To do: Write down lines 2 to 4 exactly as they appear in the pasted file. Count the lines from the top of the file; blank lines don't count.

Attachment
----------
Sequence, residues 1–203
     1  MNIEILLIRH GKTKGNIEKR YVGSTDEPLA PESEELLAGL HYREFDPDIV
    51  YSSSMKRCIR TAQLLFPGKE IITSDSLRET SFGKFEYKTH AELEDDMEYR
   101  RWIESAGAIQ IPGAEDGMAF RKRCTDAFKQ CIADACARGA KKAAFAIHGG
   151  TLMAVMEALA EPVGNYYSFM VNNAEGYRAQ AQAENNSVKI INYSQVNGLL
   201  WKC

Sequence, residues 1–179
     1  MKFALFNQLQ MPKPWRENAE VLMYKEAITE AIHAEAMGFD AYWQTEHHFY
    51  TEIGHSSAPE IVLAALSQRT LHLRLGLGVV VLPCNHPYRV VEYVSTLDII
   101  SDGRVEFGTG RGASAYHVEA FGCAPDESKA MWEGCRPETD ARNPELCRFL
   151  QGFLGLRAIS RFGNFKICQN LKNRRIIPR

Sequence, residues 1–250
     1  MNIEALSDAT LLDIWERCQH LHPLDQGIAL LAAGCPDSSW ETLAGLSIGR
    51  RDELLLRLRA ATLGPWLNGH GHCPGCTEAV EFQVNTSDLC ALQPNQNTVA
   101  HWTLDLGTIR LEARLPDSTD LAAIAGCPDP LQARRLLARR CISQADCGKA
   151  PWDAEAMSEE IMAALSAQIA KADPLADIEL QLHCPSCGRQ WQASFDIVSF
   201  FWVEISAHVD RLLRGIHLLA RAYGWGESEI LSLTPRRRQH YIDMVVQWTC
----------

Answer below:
     1  MNIEILLIRH GKTKGNIEKR YVGSTDEPLA PESEELLAGL HYREFDPDIV
    51  YSSSMKRCIR TAQLLFPGKE IITSDSLRET SFGKFEYKTH AELEDDMEYR
   101  RWIESAGAIQ IPGAEDGMAF RKRCTDAFKQ CIADACARGA KKAAFAIHGG